After putting out it’s debut album This Time Next Year independently in 2021, the band has signed a worldwide deal for the follow-up Here’s What You Could Have Won — a deserved reward for all their graft. These 11 new songs are an excellent showcase for the band’s bigger and punchier, “beat punk” sound, co-produced with Dom Craik from Nothing But Thieves.
A behemoth of a band on and off stage, thanks to the Hastings scene that nurtured them, their best songs explore racism, in-work poverty, mental health, violence, frustration, and all-consuming love with honesty and humor. All their songs come studded with barbed wire hooks, bristling with the juddering shock of lived experience, and the cathartic thrill of a balled-up fist relaxing into an air punch.
In the wake of this announcement, Kid Kapichi have shared the video for the new single “Rob The Supermarket.” Watch it HERE.
“‘Rob The Supermarket’ is a song about a tear away forced into a tight spot who takes matters into their own hands regardless of the consequences,” says vocalist/guitarist Jack Wilson. “It’s a question about what is morally correct in times like these, with the cost of living going through the roof and food bank usage at an all-time high. But let’s be honest. For most people, there has always been a cost of living crisis.”
The new studio album, Here’s What You Could Have Won, will be released on September 23 via Spinefarm. It features the comeback single “New England” — the band’s most explicitly political song yet, with a searing guest verse from Bob Vylan — and Partygate polemic “Party At No. 10,” which was praised by Liam Gallagher on Twitter, leading to Gallagher asking the band to support him at London’s Royal Albert Hall. It’s a brutal dissection of the xenophobic Little England mentality.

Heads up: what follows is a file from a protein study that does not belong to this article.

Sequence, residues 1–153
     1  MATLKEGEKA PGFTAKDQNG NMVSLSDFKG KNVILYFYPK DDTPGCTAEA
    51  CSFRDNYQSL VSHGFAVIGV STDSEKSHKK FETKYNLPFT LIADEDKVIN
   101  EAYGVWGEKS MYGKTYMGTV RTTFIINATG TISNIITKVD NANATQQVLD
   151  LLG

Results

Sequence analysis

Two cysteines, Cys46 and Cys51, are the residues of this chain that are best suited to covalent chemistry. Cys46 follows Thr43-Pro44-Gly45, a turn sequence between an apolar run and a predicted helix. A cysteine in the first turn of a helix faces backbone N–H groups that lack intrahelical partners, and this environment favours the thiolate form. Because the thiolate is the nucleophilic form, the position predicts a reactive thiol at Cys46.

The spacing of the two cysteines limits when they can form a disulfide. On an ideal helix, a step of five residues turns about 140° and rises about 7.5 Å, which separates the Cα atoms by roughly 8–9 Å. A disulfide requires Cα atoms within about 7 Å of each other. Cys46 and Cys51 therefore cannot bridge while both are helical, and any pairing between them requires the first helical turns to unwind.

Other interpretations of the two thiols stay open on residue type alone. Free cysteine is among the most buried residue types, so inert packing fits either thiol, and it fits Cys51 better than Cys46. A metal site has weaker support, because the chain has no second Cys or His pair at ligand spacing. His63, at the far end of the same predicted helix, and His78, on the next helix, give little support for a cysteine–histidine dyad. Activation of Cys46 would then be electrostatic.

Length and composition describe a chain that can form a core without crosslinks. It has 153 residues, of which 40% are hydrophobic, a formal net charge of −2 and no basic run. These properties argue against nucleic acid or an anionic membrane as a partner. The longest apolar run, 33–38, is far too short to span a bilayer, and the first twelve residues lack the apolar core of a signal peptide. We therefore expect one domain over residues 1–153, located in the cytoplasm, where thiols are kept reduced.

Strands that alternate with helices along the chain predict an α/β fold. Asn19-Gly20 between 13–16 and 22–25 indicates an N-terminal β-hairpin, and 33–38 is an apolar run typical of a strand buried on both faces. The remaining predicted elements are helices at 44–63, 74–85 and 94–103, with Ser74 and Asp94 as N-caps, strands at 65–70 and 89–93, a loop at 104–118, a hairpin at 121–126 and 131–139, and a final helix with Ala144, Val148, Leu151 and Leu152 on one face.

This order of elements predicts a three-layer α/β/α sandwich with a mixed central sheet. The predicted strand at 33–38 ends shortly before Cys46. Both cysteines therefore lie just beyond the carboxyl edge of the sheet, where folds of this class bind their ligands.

Frontman Wilson says, “The title, Here’s What You Could Have Won, sums up the feeling of missed opportunity. Being dragged right at a junction when you know you should be going left or screaming at the TV whilst someone picks the wrong answer on a game show. It looks inwardly at the UK and the decisions that have been made and how they have affected us all.”
Lead guitarist Ben Beetham adds, “It’s not a concept album but it does have a running theme. We like to write songs about current affairs and what direction the world seems to be turning. As a result, we write as close to the deadline as possible to keep it relevant.”
Pre-order the album HERE.